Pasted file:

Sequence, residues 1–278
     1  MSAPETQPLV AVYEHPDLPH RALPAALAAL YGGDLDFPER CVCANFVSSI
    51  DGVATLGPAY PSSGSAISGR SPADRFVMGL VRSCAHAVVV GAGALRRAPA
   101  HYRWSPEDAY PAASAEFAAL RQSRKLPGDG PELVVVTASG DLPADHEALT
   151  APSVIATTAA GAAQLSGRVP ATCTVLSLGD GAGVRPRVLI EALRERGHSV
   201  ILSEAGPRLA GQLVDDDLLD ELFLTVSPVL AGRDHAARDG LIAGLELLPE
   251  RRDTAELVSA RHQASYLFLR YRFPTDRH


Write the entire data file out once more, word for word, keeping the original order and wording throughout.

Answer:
Sequence, residues 1–278
     1  MSAPETQPLV AVYEHPDLPH RALPAALAAL YGGDLDFPER CVCANFVSSI
    51  DGVATLGPAY PSSGSAISGR SPADRFVMGL VRSCAHAVVV GAGALRRAPA
   101  HYRWSPEDAY PAASAEFAAL RQSRKLPGDG PELVVVTASG DLPADHEALT
   151  APSVIATTAA GAAQLSGRVP ATCTVLSLGD GAGVRPRVLI EALRERGHSV
   201  ILSEAGPRLA GQLVDDDLLD ELFLTVSPVL AGRDHAARDG LIAGLELLPE
   251  RRDTAELVSA RHQASYLFLR YRFPTDRH